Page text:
1. Acuna BD, Sanes JN, Donoghue JP (2002) Cognitive mechanisms of transitive inference. Exp Brain Res 146:1–10. doi: 10.1007/s00221-002-1092-y CrossRefPubMedGoogle Scholar
  2. Allen C (2006) Transitive inference in animals: Reasoning or conditioned associations? In: Hurley S, Nudds M (eds) Rational animals?. Oxford University Press, Oxford, pp 175–186Google Scholar
  3. Arakawa H, Arakawa K, Blanchard DC, Blanchard RJ (2008) A new test paradigm for social recognition evidenced by urinary scent marking behavior in C57BL/6 J mice. Behav Brain Res 190:97–104. doi: 10.1016/j.bbr.2008.02.009 CrossRefPubMedGoogle Scholar
  4. Aureli F, de Waal FBM (2000) Natural conflict resolution. University of California Press, BerkeleyGoogle Scholar
  5. Basile M, Boivin S, Boutin A, Blois-Heulin C, Hausberger M, Lemasson A (2009) Socially dependent auditory laterality in domestic horses (Equus caballus). Anim Cogn 12:611–619. doi: 10.1007/s10071-009-0220-5 CrossRefPubMedGoogle Scholar
  6. Bates LA, Sayialel KN, Njiraini NW, Poole JH, Moss CJ, Byrne RW (2008) African elephants have expectations about the locations of out-of-sight family members. Biol Lett 4:34–36. doi: 10.1098/rsbl.2007.0529 CrossRefPubMedGoogle Scholar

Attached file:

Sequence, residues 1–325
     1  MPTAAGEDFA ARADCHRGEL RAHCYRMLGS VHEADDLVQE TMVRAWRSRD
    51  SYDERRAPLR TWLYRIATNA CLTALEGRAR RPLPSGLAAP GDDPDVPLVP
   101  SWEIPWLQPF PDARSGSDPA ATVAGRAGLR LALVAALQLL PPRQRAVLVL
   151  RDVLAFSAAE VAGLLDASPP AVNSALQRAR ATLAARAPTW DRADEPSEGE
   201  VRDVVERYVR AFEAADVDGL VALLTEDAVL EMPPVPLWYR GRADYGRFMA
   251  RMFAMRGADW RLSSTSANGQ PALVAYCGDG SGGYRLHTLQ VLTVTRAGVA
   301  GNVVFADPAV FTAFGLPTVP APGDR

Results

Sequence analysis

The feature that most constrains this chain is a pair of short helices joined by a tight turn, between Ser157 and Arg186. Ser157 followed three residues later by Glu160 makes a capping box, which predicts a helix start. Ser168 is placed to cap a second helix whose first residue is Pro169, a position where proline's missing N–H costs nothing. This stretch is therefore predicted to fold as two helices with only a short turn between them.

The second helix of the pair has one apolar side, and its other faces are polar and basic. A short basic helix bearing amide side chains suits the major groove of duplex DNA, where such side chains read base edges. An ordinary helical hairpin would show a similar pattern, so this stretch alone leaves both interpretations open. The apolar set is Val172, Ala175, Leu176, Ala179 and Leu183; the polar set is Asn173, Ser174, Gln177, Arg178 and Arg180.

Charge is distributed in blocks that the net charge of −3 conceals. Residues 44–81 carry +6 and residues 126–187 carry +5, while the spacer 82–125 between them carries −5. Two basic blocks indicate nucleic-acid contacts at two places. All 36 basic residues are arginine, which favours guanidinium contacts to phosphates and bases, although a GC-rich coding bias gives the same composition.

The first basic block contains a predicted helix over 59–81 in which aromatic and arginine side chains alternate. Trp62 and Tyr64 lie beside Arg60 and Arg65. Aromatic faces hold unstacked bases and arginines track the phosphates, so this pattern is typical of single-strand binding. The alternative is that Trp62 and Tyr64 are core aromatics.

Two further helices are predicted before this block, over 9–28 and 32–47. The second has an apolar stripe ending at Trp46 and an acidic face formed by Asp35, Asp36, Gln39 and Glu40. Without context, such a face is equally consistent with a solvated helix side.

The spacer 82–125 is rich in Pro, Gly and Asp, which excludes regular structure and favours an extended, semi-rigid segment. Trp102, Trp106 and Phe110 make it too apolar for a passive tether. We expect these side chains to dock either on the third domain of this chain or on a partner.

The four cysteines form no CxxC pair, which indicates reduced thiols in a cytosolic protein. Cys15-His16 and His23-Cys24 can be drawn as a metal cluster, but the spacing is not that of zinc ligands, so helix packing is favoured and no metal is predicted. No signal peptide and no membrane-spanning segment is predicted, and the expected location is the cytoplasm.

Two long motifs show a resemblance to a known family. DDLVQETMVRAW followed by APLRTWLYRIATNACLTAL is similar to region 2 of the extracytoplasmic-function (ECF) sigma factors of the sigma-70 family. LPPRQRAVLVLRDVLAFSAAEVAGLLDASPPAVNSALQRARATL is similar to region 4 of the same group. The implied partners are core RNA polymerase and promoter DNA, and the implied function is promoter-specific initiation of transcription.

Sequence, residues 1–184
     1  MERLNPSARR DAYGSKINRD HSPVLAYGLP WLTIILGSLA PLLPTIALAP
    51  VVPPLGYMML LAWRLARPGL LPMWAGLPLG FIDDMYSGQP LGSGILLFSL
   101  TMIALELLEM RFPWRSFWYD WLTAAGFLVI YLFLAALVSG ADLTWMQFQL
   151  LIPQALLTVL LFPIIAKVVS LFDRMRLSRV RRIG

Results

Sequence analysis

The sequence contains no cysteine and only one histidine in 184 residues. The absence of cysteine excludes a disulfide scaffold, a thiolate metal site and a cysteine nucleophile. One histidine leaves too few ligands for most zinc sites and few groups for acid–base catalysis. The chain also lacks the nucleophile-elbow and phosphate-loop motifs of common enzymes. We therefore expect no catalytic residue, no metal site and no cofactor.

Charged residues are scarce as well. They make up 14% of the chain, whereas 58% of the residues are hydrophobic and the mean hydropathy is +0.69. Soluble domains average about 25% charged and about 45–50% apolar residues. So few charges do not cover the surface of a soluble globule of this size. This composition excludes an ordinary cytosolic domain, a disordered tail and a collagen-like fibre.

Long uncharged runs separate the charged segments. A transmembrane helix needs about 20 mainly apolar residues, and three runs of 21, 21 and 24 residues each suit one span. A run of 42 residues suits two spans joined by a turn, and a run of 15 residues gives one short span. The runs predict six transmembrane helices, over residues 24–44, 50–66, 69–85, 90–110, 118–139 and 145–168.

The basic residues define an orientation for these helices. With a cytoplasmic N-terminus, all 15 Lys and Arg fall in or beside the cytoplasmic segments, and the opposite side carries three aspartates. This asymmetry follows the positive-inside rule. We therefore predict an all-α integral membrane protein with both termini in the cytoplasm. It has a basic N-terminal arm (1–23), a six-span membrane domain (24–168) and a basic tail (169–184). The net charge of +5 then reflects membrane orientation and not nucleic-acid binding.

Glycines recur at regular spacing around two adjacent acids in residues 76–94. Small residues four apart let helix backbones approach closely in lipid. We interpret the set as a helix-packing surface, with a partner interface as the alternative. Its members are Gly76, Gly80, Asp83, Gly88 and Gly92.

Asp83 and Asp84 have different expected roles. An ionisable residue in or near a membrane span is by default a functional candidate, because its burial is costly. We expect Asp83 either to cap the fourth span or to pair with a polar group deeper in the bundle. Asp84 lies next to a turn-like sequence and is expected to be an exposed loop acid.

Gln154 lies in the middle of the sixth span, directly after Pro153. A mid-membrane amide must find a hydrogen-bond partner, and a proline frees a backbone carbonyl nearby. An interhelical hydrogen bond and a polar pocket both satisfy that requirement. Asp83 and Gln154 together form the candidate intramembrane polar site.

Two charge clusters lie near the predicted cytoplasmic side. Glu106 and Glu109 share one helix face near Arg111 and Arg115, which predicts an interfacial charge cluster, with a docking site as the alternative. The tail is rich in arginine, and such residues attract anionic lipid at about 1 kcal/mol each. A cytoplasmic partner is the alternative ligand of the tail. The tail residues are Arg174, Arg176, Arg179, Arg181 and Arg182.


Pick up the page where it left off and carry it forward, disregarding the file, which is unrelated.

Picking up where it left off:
7. Berger J (1977) Organizational systems and dominance in feral horses in the Grand Canyon. Behav Ecol Sociobiol 2:131–146. doi: 10.1007/BF00361898 Google Scholar
  8. Berger J (1986) Wild horses of the Great Basin: social competition and population size. University of Chicago Press, ChicagoGoogle Scholar
  9. Brennan PA (2004) The nose knows who’s who: chemosensory individuality and mate recognition in mice. Horm Behav 46:231–240. doi: 10.4141/A00-068 CrossRefPubMedGoogle Scholar
  10. Brennan PA, Kendrick KM (2006) Mammalian social odours: attraction and individual recognition. Phil Trans Biol Sci 361:2061–2078. doi: 10.1098/rstb.2006.1931 CrossRefGoogle Scholar
  11. Cheney DL, Seyfarth RM (1990) How monkeys see the world: inside the mind of another species. University of Chicago Press, ChicagoGoogle Scholar
  12. Clutton-Brock TH (1974) Primate social organisation and ecology. Nature 250:539–542. doi: 10.1038/250539a0 CrossRefGoogle Scholar